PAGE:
Darrell Blackwelder: What to do about late-summer lawn problems

Published 12:00 am Saturday, August 6, 2022

In early summer, fescue lawns looked fantastic. Now, many lawns are nearing a total disaster. Here are a number of situations that have caused fescue lawns to decline so quickly this summer.

• Too much shade. In the fall and spring, there were no leaves on large trees surrounding the fescue yard. Fescue needs full sun to grow and develop strong roots.

• Weed competition. Annual weeds such as winter annual bluegrass compete with fescue in the early spring. Lawns with a history of annual bluegrass and crabgrass need to have solid stand of fescue to compete.

• Improper seeding and fertilizer rates. Measure your areas and calculate proper seeding and fertilizer rates before planting in the fall. Planting too much seed can be as bad or often worse that planting too little seed. Have your soil tested every 2-3 years to apply recommended amount of nutrients.

• Fungal diseases. When temperatures climb to the mid-80s coupled with high humidity, fungal diseases such as brown patch and dollar spot occurs. Once established, brown patch will return for years on a regular basis causing brown circular spots. Fungicide applications in the summer months prevent the spread of the disease.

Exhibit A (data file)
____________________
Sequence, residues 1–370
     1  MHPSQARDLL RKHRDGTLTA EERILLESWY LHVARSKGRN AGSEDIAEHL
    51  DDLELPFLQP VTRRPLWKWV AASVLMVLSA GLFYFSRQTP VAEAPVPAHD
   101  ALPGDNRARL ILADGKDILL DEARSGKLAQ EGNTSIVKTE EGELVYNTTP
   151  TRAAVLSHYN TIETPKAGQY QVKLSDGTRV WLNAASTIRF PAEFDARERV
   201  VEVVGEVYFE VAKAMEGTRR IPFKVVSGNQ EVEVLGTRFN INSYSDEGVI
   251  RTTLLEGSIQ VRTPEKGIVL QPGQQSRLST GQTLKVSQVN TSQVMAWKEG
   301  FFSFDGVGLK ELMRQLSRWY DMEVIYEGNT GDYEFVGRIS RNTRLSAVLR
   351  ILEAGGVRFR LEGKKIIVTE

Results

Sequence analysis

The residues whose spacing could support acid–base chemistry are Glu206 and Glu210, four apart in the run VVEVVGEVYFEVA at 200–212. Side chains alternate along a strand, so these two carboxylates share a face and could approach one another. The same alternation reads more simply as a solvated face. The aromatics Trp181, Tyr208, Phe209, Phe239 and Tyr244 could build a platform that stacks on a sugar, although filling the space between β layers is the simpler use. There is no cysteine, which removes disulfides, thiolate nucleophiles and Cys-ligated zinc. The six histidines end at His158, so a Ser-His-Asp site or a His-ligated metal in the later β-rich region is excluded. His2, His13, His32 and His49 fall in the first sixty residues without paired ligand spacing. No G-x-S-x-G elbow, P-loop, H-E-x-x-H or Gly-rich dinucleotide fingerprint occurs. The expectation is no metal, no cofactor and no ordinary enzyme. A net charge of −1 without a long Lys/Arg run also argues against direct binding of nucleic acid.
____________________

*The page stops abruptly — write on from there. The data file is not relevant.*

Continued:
• Cool-season fescue will not tolerate heavy foot traffic. If you tend to continuously walk on newly seeded areas, overactive kids or even pets can weaken and kill newly planted fescue.

• Bad mowing practices. Cool season fescue needs to be mowed often to 3½ to 4 inches. Mowing too close or waiting to mow after the grass has grown tall is a common problem that weakens or destroys a lawn within minutes.

• Unusual weather. It’s easy to blame weather, but when you have constant rain, then excessive heat, drought and then more, it can be a definitive factor. Fescue is a cool season grass that really does poorly in excessively hot weather.

Darrell Blackwelder is the retired horticulture agent and director with the North Carolina Cooperative Extension Service in Rowan County. Contact him at deblackw@ncsu.edu.